For me, the lingering memory of CES 2009 is not just a new appreciation for the vastness of the consumer electronics technology universe, but its crushing virility. I’ve never been in an environment that was so overwhelmingly male that didn’t involve the U.S. Military.
There were a few cool products that spoke to me this year: Sony’s eBook with the built-in nightlight, the handbag and travel-friendly Netbooks that were everywhere, a Prada Bluetooth cellphone/watch by LG that lets you monitor calls during a meeting without being rude and checking your mobile, and a mini TV (also from Sony) that – when the price comes down – will look pretty snazzy on my kitchen counter. But the vast array of offerings were so much sound, RAM and tech specs that I felt like I had landed on an alien planet. Guys, imagine yourself at a 2M square foot Sephora, and you’ll feel my pain.
Which brings us to today’s problem: why is it that manufacturers still can’t seem to crack the code on designing consumer electronics for women?
That was the topic that two designers from Smart Design’s Femme Den, Erica Eden and Agnete Egna, tackled at a panel I moderated at CES. Smart Design is responsible for OXO Good Grip Kitchen Tools, Flip Mino handheld camcorders and HP's 375 Photosmart portable printer. Titled "Design & Gender: Thinking about SEX and ELECTRONICS," the presentation spelled out just why companies should pay attention to the market.
Here’s one good reason: Women buy 57% of consumer electronics (to the tune of about $80B), but influence 90% of all CE purchases. Yes, fellas. If you really want that cool new 60 inch flat screen, you’ll have to get it by your house’s electronic major domo first.
But here’s a far more dispiriting number: the number of women who said they thought manufacturers had them in mind when developing products: 1%. That’s a number from 2004, but I’d be surprised if today it isn’t more than, say, 5%. And why is this a problem? Aren’t products designed for guys good for the ladies as well? I mean, you don’t need a Y chromosome to work a remote. Or do you?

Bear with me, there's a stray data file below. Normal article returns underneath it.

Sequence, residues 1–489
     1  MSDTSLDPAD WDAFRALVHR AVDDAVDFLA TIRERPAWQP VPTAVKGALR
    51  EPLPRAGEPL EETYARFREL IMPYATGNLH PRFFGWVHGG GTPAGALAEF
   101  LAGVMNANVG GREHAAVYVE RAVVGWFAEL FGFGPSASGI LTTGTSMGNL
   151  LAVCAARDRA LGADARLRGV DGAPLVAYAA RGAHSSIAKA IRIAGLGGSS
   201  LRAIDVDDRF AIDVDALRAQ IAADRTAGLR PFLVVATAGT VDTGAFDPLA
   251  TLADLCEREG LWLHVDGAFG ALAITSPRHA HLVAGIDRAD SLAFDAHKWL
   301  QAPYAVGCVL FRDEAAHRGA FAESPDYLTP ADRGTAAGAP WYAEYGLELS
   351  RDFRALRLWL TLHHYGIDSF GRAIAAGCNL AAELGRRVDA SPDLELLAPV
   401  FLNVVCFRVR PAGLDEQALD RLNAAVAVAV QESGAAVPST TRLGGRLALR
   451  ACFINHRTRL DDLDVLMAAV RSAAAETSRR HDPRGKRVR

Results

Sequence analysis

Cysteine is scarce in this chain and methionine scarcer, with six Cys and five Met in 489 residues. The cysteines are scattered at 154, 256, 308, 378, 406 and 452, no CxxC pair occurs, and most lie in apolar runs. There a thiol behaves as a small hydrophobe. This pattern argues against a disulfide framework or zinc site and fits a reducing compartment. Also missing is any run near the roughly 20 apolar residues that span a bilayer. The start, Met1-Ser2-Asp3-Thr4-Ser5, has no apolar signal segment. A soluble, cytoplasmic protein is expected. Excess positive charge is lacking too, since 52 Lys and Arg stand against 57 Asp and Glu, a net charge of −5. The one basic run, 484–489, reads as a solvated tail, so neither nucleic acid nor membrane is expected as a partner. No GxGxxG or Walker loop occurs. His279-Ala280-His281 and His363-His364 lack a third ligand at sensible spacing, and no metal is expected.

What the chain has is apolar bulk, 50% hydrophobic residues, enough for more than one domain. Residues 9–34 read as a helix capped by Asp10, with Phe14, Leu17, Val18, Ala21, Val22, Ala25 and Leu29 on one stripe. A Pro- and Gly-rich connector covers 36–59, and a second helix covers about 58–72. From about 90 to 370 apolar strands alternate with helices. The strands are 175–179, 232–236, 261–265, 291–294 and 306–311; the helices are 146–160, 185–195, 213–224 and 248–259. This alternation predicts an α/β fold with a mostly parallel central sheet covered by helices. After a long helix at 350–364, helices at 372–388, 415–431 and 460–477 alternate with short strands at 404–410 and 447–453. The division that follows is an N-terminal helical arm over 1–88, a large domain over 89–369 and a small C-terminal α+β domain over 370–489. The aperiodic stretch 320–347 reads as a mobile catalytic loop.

According to the Femme Den Smarties, Larry Summers was right: women’s brains ARE different from guys’ and, frankly, figuring out how to hook up a router is harder for us. For example, a Yale study tested college students’ ability to set a VCR from written instructions. Some 68% of the men managed to do it on the first try. Only 16% of the women succeeded. This could explain why we’re hopeless when it comes to simple things, like installing a home theater.
Men, literally, have more gray matter in their brains. That makes them better at specialized and focused tasks. Women, on the other hand, have more white matter. That’s the tissue that wires processing centers together. That means we rock at multitasking, and integrating functions, but figuring out the glitch with the WiFi can be a hurdle.
How can manufacturers use these differences to their advantage? The Smart Design women had a few pointers. Among them:
- Recognize that being female is not niche. We’re 51% of the population, people! And, when it comes to shopping, we control over 80 cents on the dollar. "The biggest mistake we have seen is treating women like a special interest group with only post-design considerations like color and finish. We call this the ’shrink it and pink it’ approach. And, it’s offensive to most women." says Enga.
- Design for an average user, not a power user. This doesn’t mean a dumbed-down product, but one that’s accessible to the largest number of people. While men have more patience than women with technological complexity than women (see above), they’re equally charmed by products that are easy to use. The iPod is, of course, the benchmark CE product for every manufacturer, but the easy-to-use Flip Mino camcorder, which last year sold 1.5M units, demonstrates the universal appeal of intuitive design. Focus on pleasing the ladies, and you’ll likely get the guys as well.
- Expand the focus to include warmer values. Cold values focus on things like faster, bigger, slicker, with more features. Warm values include such things as a focus on how a product fits into a user’s lifestyle. How does it fit into the home or office aesthetically? Does it enable the buyer to do something she normally wants to do, only better or easier?
- Design with a recognition of a product’s broader impact. Women’s language around consumer electronics invariably includes other people. They worry about the effect of video games on their children, the ability of their parents to use a cellphone in an emergency, their husband’s obsession with his Blackberry. They are, therefore, intrigued with products that have positive social effects—like the Wii’s knack for enabling interactive fun for a range of users.
- Add features only if there’s a good reason to do so – not just to please the marketing department, or because the company’s engineers are enamored with their own technological wizardry. "A 50-page quick start manual is not a good idea," says Eden.